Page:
Norris, who was at Sterling the night of the fire, said the group decided they wouldn’t let it deter their efforts.

“We’re going to do for Greenville what we need to do,” she said they decided.

Schools integrated in Greenville in 1970. Two years later in 1972 Springfield caught fire, doing $650,000 in damage to the historic church. A painting of the church still hangs in Norris’ sitting room. The church was rebuilt and reopened in 1976.


While working for civil rights, Norris also worked to educate her community. She taught French at Sterling and later at Greenville High School, and created a college preparatory program run through Springfield. She helped students with preparation for taking the ACT and SAT tests and provided tutoring and guidance.

Today, she counts that as one of her greatest achievements, and one she still hears about frequently.

“When I see (former students) now, it’s like ‘Miss Norris, thank you. I wouldn’t have graduated from college without you,’” she said.

Among those she helped was Flemming, who has gone on to serve more than 40 years on Greenville City Council. Mitchell, who will now replace Norris as the council member for District 23, also received help from Norris, she said.

“He was mine,” she said with a smile.

State Rep. Chandra Dillard has known Norris her entire life, but formally knew her first as a guidance counselor at Greenville High. 

“If she saw your potential, knew your interests, she’d do everything she could to kind of light the fire under those things,” Dillard said.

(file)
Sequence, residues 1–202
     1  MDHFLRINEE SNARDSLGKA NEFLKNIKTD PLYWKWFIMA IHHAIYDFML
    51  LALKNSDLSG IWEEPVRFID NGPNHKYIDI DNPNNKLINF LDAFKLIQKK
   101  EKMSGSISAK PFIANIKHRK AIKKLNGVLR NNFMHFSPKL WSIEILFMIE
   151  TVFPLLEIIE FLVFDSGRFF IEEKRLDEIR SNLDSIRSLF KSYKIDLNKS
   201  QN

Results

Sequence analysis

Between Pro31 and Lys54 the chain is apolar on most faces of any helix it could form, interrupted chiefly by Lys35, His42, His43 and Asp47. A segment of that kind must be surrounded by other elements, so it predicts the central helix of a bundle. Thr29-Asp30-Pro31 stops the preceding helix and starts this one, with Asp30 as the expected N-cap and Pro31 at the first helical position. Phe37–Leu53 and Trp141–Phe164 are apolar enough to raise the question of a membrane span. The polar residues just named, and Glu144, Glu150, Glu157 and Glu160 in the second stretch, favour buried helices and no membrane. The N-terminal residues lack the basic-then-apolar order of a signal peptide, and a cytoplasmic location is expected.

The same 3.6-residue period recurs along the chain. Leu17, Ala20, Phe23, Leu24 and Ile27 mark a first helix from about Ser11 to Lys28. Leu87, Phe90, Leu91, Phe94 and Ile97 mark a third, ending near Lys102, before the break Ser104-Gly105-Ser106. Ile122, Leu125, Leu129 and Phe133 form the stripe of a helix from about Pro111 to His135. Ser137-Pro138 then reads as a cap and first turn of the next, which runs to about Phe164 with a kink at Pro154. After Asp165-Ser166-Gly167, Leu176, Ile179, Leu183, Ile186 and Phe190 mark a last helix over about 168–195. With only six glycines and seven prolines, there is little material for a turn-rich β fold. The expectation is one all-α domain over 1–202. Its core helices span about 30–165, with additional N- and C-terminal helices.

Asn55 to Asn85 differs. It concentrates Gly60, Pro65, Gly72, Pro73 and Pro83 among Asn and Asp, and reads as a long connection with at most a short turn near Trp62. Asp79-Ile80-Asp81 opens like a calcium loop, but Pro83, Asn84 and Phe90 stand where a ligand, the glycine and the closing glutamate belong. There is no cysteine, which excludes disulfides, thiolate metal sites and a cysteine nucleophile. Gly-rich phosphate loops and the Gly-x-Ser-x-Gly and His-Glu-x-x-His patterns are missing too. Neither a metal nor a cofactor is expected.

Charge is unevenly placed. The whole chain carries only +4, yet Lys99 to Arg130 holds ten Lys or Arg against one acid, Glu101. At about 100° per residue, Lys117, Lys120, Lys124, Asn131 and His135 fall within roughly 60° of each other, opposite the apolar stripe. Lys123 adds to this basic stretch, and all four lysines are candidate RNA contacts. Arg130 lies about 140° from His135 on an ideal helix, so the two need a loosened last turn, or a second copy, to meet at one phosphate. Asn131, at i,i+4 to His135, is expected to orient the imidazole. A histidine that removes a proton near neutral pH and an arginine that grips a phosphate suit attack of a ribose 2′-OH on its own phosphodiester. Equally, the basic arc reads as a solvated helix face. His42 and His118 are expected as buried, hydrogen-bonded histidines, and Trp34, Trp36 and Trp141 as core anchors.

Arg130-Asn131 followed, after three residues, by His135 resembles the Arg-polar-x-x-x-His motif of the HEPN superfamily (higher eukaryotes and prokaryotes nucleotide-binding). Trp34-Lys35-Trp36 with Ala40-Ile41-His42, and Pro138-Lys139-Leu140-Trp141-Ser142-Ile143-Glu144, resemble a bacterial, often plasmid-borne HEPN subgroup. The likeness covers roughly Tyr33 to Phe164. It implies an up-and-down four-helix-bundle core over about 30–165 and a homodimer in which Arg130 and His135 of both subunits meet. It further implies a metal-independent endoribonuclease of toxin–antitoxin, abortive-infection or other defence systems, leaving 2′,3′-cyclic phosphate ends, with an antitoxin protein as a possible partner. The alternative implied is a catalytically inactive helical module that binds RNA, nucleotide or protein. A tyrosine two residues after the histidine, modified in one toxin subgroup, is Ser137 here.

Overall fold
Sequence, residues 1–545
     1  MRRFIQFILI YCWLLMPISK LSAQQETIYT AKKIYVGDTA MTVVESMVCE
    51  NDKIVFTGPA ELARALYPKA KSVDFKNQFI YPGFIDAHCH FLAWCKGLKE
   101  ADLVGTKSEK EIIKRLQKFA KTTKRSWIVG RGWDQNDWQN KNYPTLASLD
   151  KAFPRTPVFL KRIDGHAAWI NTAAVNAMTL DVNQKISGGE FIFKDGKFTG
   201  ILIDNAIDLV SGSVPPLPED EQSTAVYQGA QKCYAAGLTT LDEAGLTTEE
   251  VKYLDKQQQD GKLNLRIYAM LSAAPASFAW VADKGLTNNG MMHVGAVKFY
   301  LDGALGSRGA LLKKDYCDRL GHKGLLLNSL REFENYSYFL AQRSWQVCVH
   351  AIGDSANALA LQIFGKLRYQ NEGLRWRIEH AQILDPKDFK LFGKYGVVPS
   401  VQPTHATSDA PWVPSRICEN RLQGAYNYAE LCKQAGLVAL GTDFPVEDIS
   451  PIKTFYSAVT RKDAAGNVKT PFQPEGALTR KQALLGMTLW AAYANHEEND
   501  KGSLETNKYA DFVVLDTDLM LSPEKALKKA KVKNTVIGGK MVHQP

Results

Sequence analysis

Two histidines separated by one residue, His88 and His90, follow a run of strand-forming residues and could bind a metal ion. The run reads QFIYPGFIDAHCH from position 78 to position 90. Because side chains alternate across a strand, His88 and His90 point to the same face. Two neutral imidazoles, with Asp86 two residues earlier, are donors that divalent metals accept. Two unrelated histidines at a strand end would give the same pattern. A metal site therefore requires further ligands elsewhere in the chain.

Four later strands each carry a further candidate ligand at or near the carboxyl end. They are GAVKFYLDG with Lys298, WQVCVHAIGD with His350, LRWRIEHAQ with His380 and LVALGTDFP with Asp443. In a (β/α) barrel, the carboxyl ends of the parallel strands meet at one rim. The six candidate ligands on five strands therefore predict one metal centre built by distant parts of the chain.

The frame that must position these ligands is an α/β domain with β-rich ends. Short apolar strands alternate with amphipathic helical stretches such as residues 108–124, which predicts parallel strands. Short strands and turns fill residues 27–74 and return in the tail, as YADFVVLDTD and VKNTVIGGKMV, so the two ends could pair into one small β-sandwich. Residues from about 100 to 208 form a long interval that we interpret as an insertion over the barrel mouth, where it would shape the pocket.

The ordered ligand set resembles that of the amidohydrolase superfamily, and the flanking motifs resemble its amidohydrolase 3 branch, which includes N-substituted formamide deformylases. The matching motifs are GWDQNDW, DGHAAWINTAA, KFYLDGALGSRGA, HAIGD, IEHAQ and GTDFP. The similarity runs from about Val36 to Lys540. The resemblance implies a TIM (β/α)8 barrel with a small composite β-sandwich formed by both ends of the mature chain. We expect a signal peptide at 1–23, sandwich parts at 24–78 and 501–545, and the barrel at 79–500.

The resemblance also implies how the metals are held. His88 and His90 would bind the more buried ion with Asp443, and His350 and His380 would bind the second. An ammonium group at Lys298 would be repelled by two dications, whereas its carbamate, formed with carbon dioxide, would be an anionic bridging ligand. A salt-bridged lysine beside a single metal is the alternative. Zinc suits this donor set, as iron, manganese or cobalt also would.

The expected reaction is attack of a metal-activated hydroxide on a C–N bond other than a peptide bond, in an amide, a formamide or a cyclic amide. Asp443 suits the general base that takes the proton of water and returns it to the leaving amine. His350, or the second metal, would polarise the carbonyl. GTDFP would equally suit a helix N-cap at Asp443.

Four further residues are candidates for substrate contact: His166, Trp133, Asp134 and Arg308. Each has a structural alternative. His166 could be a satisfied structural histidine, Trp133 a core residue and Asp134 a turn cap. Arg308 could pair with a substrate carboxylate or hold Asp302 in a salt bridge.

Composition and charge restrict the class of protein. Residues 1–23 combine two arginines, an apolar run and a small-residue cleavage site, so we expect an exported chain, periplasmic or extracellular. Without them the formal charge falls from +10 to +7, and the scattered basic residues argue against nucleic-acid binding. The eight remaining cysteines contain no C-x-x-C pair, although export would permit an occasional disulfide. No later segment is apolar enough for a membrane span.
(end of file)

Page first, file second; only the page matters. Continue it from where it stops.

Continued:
Norris planned Dillard’s entire summer before her senior year of school, sending her to Girls State and then to South Carolina State to gain college credits. It helped set the foundation for Dillard’s own political career. 

Norris later helped Dillard write her first campaign speech. 


Norris retired from a career in education in 1984 but continued to remain involved in education efforts and in community service.

She ran for political office for the first time in 1997, because “people asked me to do it.”

She was elected, and served alongside her good friend Lottie Gibson as two Black women on an overwhelmingly White male County Council.

As cities and counties across the United States began to recognize Martin Luther King Jr. Day as a holiday, each time a Black council member in Greenville County raised the issue, it was struck down. The holiday had been recognized federally since 1983.

Norris, Gibson and Wade Cleveland worked together for years to get the county to designate MLK Jr. as a paid holiday. Four times, the council voted it down. But after turnover on the council, a sleep-in at County Square, and the dozens of times Jackson returned to Greenville, the council finally voted 8-5 in 2005 to recognize the holiday.

Greenville was the last county in the country to officially recognize MLK Day as a paid holiday.

“She is a very confident person and she is a very strong-willed person,” Flemming said. “It was difficult for her to take no for an answer.”

Among Norris’ other accomplishments on the council was work alongside Dillard and Flemming to bring a pedestrian bridge to the Southernside neighborhood. It restored connectivity across train tracks to the rest of Greenville after the Hampton Avenue bridge was torn down, secluding Southernside on a pedestrian island.

That was also nearly a 10-year process. The bridge opened in March 2020 and is named the Xanthene Sayles Norris Pedestrian Bridge.

Flemming called it a fitting tribute to the lengthy career of her friend and mentor.

“She worked hard to make sure she could do whatever she could for her community,” Flemming said.

Norris doesn’t plan to relax yet. She said she will remain involved with people who she’s known for decades in the community and will continue to do some work at Springfield.

“I’m happy,” she said, “because of what we were able to do.”